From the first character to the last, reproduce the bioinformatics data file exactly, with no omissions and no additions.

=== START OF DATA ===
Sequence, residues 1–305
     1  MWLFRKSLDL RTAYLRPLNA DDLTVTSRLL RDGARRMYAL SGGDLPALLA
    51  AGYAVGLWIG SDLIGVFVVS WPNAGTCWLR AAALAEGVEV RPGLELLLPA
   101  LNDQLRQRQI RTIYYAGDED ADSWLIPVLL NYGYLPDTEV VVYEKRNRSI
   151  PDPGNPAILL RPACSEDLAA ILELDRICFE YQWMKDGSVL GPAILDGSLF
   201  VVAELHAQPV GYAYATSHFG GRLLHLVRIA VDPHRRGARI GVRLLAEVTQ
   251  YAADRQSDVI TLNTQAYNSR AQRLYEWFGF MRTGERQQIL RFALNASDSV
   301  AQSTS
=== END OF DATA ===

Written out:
Sequence, residues 1–305
     1  MWLFRKSLDL RTAYLRPLNA DDLTVTSRLL RDGARRMYAL SGGDLPALLA
    51  AGYAVGLWIG SDLIGVFVVS WPNAGTCWLR AAALAEGVEV RPGLELLLPA
   101  LNDQLRQRQI RTIYYAGDED ADSWLIPVLL NYGYLPDTEV VVYEKRNRSI
   151  PDPGNPAILL RPACSEDLAA ILELDRICFE YQWMKDGSVL GPAILDGSLF
   201  VVAELHAQPV GYAYATSHFG GRLLHLVRIA VDPHRRGARI GVRLLAEVTQ
   251  YAADRQSDVI TLNTQAYNSR AQRLYEWFGF MRTGERQQIL RFALNASDSV
   301  AQSTS